Going Beyond the Sock 2019 Day 10-12

Day 10, Monday 10 June 2019

Today was a really special day. A friend of mine who is a cast member of the Jim Henson Company’s show Puppet Up, invited me to join a tour he was running of the Jim Henson Company lot in LA. The main courtyard is very relaxing and beautiful. It has an air of an European village with outdoor tables, planter boxes of flowers, and close buildings. The studio was built by Charlie Chaplin in 1918, and there are references to Charlie Chaplin everywhere, including the statue of Kermit the Frog standing on the top of the gate dressed as Charlie Chaplin’s signature character- the Little Tramp.

We visited the reception area where I got to hold a real Emmy award, the Barn where the Creature Shop used to be housed, the Henson Screening room, and the Charlie Chaplin Soundstage where the tour group was given a demonstration of monitor puppetry. After the tour group left, I was given the opportunity to have a go at the monitor puppetry on the soundstage, using a REAL Henson made puppet! I am very grateful to my friend for allowing me to tag along on the tour and to have a go at the monitor puppetry!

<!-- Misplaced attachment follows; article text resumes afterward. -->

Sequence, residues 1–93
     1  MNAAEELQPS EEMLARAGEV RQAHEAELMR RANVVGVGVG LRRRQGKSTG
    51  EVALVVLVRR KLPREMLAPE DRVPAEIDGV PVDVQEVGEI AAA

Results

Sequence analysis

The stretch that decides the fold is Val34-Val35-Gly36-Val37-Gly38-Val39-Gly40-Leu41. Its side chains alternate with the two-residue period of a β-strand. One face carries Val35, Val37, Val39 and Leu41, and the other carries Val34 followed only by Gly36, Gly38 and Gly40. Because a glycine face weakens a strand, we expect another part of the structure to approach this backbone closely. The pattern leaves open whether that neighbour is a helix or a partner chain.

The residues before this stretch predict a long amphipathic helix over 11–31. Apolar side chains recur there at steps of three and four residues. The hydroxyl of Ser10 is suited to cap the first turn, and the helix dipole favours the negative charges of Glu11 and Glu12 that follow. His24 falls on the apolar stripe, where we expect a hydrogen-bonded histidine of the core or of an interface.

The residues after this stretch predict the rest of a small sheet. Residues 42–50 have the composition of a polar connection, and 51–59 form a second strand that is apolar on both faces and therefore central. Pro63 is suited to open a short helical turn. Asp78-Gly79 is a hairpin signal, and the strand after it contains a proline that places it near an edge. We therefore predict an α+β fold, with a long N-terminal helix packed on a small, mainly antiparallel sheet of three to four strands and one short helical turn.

• With Lucy Green at the Company bench

Day 11, Tuesday 11 June 2019

Today’s adventure was taking the Warner Bros Studio Deluxe tour. Starting at 10am, the tour started in the Deluxe screening room which had very nice pastries and beverages for the guests. Arranged next to the wall were costumes from the main characters of the TV show Friends. After a brief video about the studio, and meeting our tour guide Thom, we boarded our own tram and started driving through the studio starting with the backlot jungle area. Highlight for me in this area was the now empty lagoon as it was the location where Kermit the Frog sang the Rainbow Connection at the beginning of the original Muppet Movie 40 years ago.

After moving from the jungle area, the tour moved to the Midwest Street and again, it was a place that had special significance for me as a puppet maker and fan of the Muppets. It was the shooting location for the song Life’s a Happy Song from the movie The Muppets (2011).

  • Lagoon where Rainbow Connection was filmed in the original Muppet Movie.

One of my favourite Warner Bros TV shows was the West Wing and it was filmed at the LA Warner Bros Studio! I got to see Stage 29 where the main set was located, but during the tour of the property warehouse, I got to sit at the President’s desk from the show, as well as find various pieces of set decorating and props from the show!

  • Sitting at the President's desk from West Wing